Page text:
The Soil Association has launched a campaign to stop chicken farmers from using feed sourced from Latin America, where it is grown using ‘toxic’ pesticides.
Its new “Stop Poison Poultry” highlighted that British shoppers are unknowingly buying chicken that is linked to the poisoning of people and rare tropical animals in Latin America.
In a “hidden scandal”, billions of bees, macaw parrots, endangered tapirs, fish, frogs, birds of prey and bats across Latin American ecosystems have fallen victim to the toxic chemicals sprayed on soya, which is then exported to the UK to feed chickens and other livestock.
The UK imports one million tonnes of soya each year, much of it coming from Brazil, a country that sees around 70,000 human pesticide poisonings every year.
“British shoppers should be able to walk into a supermarket and buy food that isn’t harming children, killing bees, or threatening rare and treasured wildlife thousands of miles away,” The Soil Association campaigns advisor Cathy Cliff said.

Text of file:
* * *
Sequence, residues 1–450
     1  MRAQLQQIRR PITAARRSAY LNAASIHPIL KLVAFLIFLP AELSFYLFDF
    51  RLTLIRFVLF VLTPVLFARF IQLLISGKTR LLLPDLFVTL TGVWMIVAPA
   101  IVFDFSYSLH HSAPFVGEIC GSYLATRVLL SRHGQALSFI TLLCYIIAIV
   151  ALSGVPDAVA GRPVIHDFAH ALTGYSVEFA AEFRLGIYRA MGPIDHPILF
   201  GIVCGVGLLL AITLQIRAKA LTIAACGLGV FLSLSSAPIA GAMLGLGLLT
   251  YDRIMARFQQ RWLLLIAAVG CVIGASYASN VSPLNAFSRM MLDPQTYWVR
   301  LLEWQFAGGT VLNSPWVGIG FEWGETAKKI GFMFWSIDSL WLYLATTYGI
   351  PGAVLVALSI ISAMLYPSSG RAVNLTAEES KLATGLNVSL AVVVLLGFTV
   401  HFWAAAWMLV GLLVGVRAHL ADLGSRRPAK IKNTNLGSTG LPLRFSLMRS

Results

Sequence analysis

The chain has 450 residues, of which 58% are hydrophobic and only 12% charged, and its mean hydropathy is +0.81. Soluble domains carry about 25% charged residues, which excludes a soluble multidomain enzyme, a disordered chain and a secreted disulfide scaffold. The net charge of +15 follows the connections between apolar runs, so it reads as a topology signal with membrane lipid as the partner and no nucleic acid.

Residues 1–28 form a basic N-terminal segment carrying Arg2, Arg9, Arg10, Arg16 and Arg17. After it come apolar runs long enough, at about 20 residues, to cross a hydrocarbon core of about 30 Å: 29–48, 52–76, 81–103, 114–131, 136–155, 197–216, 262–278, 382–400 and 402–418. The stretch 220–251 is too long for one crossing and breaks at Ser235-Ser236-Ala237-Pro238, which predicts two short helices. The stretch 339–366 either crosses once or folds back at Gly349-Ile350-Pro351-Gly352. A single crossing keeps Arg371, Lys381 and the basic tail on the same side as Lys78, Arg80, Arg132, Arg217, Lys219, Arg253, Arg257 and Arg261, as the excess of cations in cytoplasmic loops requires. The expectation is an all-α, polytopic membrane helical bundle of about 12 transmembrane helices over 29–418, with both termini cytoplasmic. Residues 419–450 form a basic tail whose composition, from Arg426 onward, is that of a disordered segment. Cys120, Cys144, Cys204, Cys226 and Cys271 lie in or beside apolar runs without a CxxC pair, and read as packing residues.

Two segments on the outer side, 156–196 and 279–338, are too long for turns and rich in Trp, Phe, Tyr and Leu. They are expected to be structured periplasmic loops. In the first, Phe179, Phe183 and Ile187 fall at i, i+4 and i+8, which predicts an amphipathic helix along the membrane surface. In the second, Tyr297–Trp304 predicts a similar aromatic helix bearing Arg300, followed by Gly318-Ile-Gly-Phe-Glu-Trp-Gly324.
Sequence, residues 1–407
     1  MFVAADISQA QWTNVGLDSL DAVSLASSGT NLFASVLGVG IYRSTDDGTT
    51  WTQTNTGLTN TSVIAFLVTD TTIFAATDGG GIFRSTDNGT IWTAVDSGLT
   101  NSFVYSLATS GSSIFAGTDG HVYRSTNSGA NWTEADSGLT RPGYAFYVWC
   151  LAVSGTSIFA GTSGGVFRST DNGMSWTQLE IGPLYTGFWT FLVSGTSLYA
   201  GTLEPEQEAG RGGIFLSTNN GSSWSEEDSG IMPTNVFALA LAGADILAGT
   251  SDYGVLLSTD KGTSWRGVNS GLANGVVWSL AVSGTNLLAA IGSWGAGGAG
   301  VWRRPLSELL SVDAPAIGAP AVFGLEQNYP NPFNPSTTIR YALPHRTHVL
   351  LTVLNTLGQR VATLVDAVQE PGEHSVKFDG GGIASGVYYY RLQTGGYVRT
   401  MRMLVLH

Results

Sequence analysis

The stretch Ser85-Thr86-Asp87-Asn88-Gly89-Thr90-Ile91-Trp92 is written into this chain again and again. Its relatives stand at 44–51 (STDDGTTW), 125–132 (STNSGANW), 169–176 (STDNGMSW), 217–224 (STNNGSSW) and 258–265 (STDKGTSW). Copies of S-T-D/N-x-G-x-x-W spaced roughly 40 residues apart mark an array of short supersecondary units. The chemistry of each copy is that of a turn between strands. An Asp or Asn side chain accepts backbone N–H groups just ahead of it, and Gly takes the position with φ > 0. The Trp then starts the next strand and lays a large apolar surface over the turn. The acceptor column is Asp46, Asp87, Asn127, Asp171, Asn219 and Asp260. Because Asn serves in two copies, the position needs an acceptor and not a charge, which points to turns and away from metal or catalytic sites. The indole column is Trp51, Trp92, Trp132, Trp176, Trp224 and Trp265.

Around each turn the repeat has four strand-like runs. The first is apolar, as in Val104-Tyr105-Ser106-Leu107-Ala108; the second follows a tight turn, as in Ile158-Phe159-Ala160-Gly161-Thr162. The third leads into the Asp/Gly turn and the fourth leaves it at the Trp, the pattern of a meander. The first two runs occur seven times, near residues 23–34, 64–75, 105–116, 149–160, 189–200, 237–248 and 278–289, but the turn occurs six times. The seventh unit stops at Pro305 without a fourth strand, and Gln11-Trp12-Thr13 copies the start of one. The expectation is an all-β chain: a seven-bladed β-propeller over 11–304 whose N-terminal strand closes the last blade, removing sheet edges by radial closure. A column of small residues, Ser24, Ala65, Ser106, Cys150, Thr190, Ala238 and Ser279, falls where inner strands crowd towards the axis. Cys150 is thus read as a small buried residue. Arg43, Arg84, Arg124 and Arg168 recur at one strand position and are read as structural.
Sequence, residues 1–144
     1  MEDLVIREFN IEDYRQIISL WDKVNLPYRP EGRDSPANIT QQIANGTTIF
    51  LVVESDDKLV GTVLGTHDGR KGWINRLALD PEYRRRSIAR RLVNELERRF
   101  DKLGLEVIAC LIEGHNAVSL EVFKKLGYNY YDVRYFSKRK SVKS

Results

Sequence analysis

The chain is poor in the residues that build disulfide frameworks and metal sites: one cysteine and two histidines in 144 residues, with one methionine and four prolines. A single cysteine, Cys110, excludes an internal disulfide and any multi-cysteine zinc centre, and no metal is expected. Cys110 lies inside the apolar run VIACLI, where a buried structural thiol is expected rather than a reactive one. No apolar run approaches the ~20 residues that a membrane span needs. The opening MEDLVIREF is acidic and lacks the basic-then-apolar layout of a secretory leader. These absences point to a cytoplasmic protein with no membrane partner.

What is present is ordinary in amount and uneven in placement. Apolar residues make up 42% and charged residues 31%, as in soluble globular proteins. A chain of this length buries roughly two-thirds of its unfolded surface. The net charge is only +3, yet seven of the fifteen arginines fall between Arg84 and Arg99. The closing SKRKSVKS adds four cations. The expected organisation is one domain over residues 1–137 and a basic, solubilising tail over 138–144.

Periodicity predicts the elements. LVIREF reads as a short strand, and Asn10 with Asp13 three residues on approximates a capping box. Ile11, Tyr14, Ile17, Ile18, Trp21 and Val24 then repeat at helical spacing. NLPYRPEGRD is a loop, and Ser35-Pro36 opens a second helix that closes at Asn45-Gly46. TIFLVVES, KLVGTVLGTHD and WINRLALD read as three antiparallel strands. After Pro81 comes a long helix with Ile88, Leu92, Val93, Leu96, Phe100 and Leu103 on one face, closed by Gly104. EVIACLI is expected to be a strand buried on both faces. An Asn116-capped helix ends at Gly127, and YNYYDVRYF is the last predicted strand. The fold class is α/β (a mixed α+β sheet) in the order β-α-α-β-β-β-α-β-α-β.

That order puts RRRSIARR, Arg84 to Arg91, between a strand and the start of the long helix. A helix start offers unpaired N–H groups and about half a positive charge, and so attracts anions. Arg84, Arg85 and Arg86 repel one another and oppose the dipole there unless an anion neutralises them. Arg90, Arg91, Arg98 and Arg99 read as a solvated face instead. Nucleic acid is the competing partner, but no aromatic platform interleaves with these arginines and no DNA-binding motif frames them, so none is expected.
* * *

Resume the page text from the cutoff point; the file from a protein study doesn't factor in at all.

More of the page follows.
“The scale of highly hazardous pesticide use in Brazil is terrifying, as is our chicken industry’s reliance on these soya crops.”
“It is a hidden scandal that both British shoppers and farmers are largely blind to, and it must not continue – we must stop the poisoning associated with UK poultry farming.”
The Soil Association launched a petition to the public as part of the campaign after research found that none of the 10 leading supermarkets was not monitoring or restricting the use of hazardous pesticides in their soya supply chains.
The petition, which attracted more than 10,000 signatures in its first week, also called for the government and businesses to help farmers grow more protein crops in the UK – with investment in farmer-led research into homegrown animal feed.
Cliff added: “These poisonings are not the fault of British farmers or retailers,” Cathy continued, “but the evidence is deeply concerning. British businesses and the UK Government must respond.”
“Our farmers should be able to purchase feeds that don’t harm biodiversity and communities. Now is the time to invest in UK protein crops and ease our reliance on imported soya – British businesses can lead the way in addressing this environmental challenge.”